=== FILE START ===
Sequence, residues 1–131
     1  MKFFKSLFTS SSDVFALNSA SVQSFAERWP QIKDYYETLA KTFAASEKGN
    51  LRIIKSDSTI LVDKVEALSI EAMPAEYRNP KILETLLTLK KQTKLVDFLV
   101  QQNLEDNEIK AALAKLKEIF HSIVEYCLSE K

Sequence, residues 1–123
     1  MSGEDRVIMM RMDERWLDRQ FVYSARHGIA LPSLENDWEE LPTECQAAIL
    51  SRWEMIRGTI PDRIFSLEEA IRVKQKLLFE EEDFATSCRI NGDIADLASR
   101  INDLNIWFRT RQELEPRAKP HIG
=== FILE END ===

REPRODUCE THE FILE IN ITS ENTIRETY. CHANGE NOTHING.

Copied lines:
Sequence, residues 1–131
     1  MKFFKSLFTS SSDVFALNSA SVQSFAERWP QIKDYYETLA KTFAASEKGN
    51  LRIIKSDSTI LVDKVEALSI EAMPAEYRNP KILETLLTLK KQTKLVDFLV
   101  QQNLEDNEIK AALAKLKEIF HSIVEYCLSE K

Sequence, residues 1–123
     1  MSGEDRVIMM RMDERWLDRQ FVYSARHGIA LPSLENDWEE LPTECQAAIL
    51  SRWEMIRGTI PDRIFSLEEA IRVKQKLLFE EEDFATSCRI NGDIADLASR
   101  INDLNIWFRT RQELEPRAKP HIG